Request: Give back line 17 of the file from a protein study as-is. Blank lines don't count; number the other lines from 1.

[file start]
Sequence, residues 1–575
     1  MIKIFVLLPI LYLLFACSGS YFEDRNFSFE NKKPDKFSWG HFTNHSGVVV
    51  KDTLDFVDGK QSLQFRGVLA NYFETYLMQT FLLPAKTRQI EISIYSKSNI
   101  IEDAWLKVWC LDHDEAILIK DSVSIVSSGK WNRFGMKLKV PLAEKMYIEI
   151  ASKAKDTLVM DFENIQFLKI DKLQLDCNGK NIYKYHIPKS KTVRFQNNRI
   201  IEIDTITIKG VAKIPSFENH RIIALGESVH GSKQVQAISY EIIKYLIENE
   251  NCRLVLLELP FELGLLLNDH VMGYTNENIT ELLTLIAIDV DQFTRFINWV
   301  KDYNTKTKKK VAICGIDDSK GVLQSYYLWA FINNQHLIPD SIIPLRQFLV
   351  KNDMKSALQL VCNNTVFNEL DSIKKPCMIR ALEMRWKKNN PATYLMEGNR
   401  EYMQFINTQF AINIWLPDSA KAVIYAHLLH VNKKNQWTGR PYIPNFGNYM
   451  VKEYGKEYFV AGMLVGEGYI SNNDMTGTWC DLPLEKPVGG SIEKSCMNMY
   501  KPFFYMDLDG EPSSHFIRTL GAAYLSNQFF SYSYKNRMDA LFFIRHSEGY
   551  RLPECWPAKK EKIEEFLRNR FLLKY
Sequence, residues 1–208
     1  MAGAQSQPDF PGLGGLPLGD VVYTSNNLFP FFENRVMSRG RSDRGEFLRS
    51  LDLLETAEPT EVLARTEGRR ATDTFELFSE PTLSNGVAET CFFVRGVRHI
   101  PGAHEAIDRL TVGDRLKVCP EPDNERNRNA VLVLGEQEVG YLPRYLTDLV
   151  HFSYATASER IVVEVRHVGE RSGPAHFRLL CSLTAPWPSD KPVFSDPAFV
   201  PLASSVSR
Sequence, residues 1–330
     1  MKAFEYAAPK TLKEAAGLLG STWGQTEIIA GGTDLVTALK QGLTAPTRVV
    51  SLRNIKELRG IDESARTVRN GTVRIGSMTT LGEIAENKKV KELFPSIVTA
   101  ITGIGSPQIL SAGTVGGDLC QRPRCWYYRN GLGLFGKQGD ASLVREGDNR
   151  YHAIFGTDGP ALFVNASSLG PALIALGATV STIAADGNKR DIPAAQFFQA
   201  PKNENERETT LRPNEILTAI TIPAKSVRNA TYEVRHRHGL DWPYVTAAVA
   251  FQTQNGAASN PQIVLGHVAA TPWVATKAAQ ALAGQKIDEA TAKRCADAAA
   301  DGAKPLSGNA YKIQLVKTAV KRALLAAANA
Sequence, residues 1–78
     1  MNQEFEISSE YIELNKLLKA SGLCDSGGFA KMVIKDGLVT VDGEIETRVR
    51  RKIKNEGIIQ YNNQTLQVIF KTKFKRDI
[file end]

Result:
   101  PGAHEAIDRL TVGDRLKVCP EPDNERNRNA VLVLGEQEVG YLPRYLTDLV